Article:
My claims rely somewhat on a theological stance I took in an earlier post about God.  I argued that God is not a micro-manager, and that we are legitimately co-actors with Him in this universe.  God cooperates with us to try to make our world the best place possible.  Therefore He isn't omniresponsible for evil things happening, because part of His plan is for each of us to have genuine agency, which means that we make genuine choices given genuine possibilities.

Given this theological assumption, we are not scripted actors on a stage, playing out a predetermined plot, reciting lines that have already been written.  Instead, we are improvisational actors!  God is still the director, but our stories have not been told already.  We are telling them right now.

Why does this matter?  Because it means that everyone that "we joke with, work with, marry, snub and exploit," everyone we even just see in passing, is writing their story right now.  They are determining their future.  In a sense, they are creating the universe, every day!  They are not stock characters or "extras" in your story.  They are the main characters in their own!

When I walked home from campus the other day, I counted how many people I passed by.  The final number was something like 75.  Think about those 75 people.  You'll probably walk by 75 people sometime soon, too.  Maybe one has fallen in love for the first time; maybe two just found out they're going to be parents; maybe three are about to interview for their dream job.  And on the other hand, maybe one thought about suicide this month; maybe two got in an argument this morning and told each other to go to hell; maybe three are addicted to pornography.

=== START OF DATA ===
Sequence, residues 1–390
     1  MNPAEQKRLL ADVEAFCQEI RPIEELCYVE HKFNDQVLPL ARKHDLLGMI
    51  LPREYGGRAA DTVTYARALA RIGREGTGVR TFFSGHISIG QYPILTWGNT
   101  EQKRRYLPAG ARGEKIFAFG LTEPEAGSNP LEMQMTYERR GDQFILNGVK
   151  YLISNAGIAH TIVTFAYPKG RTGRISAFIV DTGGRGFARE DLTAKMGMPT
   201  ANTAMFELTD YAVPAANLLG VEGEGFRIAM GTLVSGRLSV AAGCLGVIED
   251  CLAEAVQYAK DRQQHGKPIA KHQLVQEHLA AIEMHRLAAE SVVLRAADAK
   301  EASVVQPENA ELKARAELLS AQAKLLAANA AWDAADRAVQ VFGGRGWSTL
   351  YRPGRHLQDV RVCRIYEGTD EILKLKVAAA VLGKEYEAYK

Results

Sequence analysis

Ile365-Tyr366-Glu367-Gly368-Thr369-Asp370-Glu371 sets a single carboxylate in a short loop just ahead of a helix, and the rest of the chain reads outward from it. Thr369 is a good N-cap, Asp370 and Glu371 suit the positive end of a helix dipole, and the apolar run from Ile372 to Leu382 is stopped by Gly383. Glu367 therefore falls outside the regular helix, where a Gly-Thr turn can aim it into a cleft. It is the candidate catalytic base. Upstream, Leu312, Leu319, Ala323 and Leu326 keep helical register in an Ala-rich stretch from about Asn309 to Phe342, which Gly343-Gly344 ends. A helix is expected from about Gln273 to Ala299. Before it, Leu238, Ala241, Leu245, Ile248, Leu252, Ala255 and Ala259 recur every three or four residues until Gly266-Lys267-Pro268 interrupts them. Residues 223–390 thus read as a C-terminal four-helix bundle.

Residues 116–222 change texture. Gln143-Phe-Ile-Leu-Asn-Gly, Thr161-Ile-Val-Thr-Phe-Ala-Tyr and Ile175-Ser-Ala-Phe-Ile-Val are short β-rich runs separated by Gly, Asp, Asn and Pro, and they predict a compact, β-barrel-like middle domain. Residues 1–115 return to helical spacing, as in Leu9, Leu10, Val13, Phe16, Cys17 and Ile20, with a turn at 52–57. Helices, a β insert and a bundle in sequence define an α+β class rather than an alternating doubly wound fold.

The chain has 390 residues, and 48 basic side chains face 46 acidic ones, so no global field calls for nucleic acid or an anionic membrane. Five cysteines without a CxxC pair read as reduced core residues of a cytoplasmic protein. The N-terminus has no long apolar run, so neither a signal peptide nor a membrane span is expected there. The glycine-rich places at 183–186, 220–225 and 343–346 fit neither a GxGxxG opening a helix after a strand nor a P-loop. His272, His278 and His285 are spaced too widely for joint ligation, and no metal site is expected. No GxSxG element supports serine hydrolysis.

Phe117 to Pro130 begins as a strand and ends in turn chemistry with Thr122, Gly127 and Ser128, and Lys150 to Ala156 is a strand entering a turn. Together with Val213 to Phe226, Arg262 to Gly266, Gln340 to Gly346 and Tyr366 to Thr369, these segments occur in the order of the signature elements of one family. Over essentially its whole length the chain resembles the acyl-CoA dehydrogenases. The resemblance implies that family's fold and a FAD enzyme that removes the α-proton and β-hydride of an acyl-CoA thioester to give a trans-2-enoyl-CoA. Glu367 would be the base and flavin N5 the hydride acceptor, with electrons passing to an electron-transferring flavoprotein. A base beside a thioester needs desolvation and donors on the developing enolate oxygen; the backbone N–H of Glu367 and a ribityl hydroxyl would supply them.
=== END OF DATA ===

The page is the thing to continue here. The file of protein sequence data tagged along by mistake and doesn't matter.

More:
Maybe you walked by someone for whom today is literally the best, the worst, or the last day of their life!  Or maybe you walked by someone who just lost a father, a sister, or a child in a tragic accident.  Maybe you walked by a girl who is so stressed about school that she is going to drop out, and she doesn't know how to tell her parents.  Or a guy who has been struggling with whether or not to "come out" and tell the people he loves that he is homosexual.  Or a couple who are struggling financially.  Or a couple who are going through divorce.

You get the point, right?  Everywhere you go, you are the "extra" in dozens and dozens of private, autobiographical films.  Perhaps there aren't any cameras, but there are narratives nonetheless.  Everyone is telling a unique story, with highs and lows, with inspiring moments and devastating moments, with existential crises and moments of clarity.